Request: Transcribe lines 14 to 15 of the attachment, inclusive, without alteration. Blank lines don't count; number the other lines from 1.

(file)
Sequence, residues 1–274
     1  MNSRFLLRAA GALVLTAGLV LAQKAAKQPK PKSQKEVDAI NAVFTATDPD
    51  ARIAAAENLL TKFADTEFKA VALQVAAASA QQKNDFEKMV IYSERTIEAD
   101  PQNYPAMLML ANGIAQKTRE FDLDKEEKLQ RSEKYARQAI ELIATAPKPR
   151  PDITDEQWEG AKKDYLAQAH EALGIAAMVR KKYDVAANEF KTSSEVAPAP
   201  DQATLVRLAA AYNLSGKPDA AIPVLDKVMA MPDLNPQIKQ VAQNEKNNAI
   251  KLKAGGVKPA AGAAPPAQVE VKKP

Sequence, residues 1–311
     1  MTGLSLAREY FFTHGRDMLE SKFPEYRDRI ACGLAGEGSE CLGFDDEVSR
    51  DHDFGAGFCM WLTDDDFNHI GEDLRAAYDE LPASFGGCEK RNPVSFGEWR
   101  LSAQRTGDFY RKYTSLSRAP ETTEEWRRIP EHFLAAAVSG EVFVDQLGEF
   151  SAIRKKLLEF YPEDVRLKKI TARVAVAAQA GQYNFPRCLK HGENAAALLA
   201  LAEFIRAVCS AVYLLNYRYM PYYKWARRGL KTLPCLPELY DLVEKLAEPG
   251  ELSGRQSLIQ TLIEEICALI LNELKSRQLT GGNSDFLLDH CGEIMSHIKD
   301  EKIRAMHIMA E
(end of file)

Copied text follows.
   251  ELSGRQSLIQ TLIEEICALI LNELKSRQLT GGNSDFLLDH CGEIMSHIKD
   301  EKIRAMHIMA E